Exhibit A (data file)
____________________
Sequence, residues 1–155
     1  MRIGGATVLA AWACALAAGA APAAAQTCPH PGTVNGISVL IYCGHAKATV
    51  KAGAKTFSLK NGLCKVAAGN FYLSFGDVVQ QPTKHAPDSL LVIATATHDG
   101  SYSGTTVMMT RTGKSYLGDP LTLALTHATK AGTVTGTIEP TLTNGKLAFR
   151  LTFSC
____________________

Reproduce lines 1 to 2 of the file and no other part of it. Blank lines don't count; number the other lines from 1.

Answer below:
Sequence, residues 1–155
     1  MRIGGATVLA AWACALAAGA APAAAQTCPH PGTVNGISVL IYCGHAKATV